Libyan Women’s Platform for Peace launches a Charter of Libyan Women’s Constitutional Rights
After a series of workshops and consultations on the constitution, held beginning in 2013, the Libyan Women’s Platform for Peace (LWPP) launches a Charter of Libyan Women’s Constitutional Rights.
In November 2014, the Libyan Women’s Platform for Peace organized a roundtable of Libyan experts to discuss women’s rights in the constitution, as framed by Sharia versus the international conventions. The workshop convened a number of female civil society leaders, youth activists, judges, legal experts, academics, religious leaders from the League of Libyan Ulama and Al-Azhar, and the Head of the Civil Rights Committee in the Constitutional Drafting Assembly (CDA).
The Charter of Libyan Women’s Constitutional Rights covers women’s civil rights, rights to peace and security, and their social, cultural, economic, and political rights. It addresses the rights of all women, without discrimination base don culture, race, or social status. The Charter addresses the rights of women with special emphasis on peace and security - the rights of survivors of rape, prisoners and detainees, displaced persons, and refugees.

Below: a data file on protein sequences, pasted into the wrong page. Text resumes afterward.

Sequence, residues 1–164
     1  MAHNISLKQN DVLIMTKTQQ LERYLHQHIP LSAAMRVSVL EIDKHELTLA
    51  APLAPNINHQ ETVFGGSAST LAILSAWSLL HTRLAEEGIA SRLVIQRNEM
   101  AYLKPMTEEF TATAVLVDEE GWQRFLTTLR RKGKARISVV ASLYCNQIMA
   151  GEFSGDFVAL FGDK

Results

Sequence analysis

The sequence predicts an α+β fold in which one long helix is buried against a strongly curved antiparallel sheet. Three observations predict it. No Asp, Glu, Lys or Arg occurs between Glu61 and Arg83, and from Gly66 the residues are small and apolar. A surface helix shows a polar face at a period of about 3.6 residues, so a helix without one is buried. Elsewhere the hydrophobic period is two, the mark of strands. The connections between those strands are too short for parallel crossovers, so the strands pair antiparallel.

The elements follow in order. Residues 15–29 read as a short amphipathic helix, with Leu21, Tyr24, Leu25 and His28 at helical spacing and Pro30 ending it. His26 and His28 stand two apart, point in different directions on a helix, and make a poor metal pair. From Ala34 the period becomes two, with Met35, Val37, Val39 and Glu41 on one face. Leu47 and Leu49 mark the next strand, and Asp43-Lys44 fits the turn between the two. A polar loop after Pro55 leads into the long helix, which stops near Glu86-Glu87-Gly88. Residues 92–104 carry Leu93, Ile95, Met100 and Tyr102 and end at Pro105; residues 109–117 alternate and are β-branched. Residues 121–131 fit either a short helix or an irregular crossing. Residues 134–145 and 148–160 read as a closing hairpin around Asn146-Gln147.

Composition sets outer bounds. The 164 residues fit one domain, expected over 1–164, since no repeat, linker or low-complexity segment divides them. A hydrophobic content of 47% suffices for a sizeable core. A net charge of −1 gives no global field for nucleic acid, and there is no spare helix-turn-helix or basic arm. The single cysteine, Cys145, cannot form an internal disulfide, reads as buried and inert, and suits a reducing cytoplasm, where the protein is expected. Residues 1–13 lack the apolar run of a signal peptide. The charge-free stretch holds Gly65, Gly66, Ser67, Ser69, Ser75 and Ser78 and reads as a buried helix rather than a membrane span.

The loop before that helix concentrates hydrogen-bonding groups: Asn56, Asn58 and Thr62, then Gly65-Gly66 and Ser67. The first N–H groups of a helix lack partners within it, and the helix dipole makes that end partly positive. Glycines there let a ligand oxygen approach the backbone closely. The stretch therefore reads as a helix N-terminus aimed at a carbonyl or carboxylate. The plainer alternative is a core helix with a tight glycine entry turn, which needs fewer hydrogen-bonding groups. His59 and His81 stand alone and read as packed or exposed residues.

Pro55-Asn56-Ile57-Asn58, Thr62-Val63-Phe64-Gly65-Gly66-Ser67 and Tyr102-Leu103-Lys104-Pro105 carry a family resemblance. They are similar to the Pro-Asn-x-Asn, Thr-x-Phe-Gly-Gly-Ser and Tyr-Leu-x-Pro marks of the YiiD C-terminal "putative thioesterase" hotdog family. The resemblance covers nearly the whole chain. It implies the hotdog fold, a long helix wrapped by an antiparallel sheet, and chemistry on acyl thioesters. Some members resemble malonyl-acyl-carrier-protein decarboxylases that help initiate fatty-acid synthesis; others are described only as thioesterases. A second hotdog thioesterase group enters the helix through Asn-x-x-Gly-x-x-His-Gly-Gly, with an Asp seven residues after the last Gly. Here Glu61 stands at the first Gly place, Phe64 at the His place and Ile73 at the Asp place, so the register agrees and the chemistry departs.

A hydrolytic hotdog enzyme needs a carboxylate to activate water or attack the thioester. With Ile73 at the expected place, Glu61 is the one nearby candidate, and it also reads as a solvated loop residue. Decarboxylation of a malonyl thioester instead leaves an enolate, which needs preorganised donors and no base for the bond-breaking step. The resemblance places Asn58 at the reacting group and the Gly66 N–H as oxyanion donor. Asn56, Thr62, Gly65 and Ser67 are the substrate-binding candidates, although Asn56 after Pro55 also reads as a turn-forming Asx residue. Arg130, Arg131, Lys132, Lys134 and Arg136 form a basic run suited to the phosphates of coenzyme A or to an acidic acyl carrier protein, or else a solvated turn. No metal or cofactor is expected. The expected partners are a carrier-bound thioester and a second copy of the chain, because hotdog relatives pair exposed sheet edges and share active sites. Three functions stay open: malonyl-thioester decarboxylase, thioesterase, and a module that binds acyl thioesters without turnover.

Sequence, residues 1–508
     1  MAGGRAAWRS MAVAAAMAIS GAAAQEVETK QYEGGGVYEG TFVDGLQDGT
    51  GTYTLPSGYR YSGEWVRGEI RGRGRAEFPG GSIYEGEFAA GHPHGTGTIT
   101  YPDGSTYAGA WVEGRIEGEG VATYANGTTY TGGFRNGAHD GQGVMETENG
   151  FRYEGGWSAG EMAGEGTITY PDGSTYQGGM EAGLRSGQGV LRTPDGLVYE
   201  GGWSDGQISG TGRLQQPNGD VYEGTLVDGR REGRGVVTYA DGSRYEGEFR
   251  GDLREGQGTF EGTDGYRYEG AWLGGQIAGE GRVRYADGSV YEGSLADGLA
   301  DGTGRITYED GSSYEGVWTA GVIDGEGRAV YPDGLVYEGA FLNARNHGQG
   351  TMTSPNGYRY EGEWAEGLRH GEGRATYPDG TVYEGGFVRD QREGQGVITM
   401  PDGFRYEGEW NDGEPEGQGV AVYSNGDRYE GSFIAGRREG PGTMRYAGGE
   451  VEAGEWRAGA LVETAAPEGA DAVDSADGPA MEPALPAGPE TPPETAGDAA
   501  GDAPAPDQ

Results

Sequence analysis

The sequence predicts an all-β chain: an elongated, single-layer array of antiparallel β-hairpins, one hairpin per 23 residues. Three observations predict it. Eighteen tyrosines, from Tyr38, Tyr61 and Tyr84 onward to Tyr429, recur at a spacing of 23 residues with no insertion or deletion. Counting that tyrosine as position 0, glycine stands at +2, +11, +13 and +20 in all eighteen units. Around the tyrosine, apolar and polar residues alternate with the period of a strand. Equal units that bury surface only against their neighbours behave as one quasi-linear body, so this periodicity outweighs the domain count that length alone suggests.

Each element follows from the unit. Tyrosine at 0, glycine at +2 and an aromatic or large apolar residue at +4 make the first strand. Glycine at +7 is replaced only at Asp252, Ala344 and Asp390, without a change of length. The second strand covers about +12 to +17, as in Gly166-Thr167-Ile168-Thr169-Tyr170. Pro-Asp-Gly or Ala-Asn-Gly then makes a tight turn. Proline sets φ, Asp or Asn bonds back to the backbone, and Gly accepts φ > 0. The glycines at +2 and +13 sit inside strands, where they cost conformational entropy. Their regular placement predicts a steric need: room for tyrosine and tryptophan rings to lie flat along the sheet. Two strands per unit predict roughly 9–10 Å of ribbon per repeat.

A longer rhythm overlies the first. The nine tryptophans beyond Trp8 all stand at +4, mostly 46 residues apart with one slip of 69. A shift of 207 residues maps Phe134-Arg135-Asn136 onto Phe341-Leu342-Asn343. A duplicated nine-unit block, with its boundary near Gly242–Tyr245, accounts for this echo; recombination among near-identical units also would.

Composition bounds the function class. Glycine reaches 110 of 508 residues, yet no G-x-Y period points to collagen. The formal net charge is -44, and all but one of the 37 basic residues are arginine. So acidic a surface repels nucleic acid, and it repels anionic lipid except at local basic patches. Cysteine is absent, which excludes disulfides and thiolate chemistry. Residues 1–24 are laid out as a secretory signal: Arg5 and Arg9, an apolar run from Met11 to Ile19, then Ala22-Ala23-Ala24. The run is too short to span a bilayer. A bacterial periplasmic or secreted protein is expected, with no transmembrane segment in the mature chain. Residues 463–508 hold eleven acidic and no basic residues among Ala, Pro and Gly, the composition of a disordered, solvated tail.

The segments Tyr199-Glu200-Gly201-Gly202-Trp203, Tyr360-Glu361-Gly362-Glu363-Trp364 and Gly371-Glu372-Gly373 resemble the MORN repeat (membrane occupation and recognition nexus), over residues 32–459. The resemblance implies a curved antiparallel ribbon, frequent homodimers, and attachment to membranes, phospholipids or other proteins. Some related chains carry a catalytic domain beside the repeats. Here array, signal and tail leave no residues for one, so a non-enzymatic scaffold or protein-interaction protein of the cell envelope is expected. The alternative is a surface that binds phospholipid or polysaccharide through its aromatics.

Shahrazad Kablan, an education and media consultant and a member of the drafting team of the charter, explained the importance of the charter. “The constitution is the framework by which we ensure and protect justice, the common good, the general welfare and posterity for all men and women.”
Hanan Dakhil Ghosheh, a freelance writer and activist who also participated in drafting the charter said, “To me, the constitution represents a watershed opportunity to push the “reset” button surrounding the debate on Libyan women’s rights and our struggle for equality and social justice. It will either catapult us forward—so we may join the rest of the modern world—or set us back at least another generation or two”.
For more information on the Libyan Women's Platform for Peace, please visit the LWPP's website.